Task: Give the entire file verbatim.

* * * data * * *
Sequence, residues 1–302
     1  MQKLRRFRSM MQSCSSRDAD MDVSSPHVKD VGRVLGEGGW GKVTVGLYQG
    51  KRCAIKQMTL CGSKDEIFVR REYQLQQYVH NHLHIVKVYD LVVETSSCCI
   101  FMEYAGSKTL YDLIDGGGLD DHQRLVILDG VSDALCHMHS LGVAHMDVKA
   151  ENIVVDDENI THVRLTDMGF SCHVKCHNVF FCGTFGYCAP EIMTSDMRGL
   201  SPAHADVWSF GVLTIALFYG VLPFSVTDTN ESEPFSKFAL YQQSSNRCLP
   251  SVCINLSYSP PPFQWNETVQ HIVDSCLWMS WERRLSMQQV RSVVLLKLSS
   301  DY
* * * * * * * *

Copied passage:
Sequence, residues 1–302
     1  MQKLRRFRSM MQSCSSRDAD MDVSSPHVKD VGRVLGEGGW GKVTVGLYQG
    51  KRCAIKQMTL CGSKDEIFVR REYQLQQYVH NHLHIVKVYD LVVETSSCCI
   101  FMEYAGSKTL YDLIDGGGLD DHQRLVILDG VSDALCHMHS LGVAHMDVKA
   151  ENIVVDDENI THVRLTDMGF SCHVKCHNVF FCGTFGYCAP EIMTSDMRGL
   201  SPAHADVWSF GVLTIALFYG VLPFSVTDTN ESEPFSKFAL YQQSSNRCLP
   251  SVCINLSYSP PPFQWNETVQ HIVDSCLWMS WERRLSMQQV RSVVLLKLSS
   301  DY